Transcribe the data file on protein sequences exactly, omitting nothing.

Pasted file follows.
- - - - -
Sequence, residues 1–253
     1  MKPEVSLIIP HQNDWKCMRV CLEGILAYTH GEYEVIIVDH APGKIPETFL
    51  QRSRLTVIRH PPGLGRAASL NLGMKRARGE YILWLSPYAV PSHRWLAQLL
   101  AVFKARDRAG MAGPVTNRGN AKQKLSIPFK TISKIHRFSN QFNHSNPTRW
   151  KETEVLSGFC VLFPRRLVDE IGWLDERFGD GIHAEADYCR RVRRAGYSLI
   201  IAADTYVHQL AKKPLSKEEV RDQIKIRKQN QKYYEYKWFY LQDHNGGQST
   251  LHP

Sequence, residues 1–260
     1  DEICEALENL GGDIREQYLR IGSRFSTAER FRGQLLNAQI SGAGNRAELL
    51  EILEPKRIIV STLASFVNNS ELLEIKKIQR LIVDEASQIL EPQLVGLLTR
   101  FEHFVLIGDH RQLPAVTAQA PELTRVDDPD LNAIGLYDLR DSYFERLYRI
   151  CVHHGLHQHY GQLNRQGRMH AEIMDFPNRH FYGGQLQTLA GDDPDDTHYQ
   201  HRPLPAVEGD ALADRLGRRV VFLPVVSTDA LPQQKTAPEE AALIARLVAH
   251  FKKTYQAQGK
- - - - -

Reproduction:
Sequence, residues 1–253
     1  MKPEVSLIIP HQNDWKCMRV CLEGILAYTH GEYEVIIVDH APGKIPETFL
    51  QRSRLTVIRH PPGLGRAASL NLGMKRARGE YILWLSPYAV PSHRWLAQLL
   101  AVFKARDRAG MAGPVTNRGN AKQKLSIPFK TISKIHRFSN QFNHSNPTRW
   151  KETEVLSGFC VLFPRRLVDE IGWLDERFGD GIHAEADYCR RVRRAGYSLI
   201  IAADTYVHQL AKKPLSKEEV RDQIKIRKQN QKYYEYKWFY LQDHNGGQST
   251  LHP

Sequence, residues 1–260
     1  DEICEALENL GGDIREQYLR IGSRFSTAER FRGQLLNAQI SGAGNRAELL
    51  EILEPKRIIV STLASFVNNS ELLEIKKIQR LIVDEASQIL EPQLVGLLTR
   101  FEHFVLIGDH RQLPAVTAQA PELTRVDDPD LNAIGLYDLR DSYFERLYRI
   151  CVHHGLHQHY GQLNRQGRMH AEIMDFPNRH FYGGQLQTLA GDDPDDTHYQ
   201  HRPLPAVEGD ALADRLGRRV VFLPVVSTDA LPQQKTAPEE AALIARLVAH
   251  FKKTYQAQGK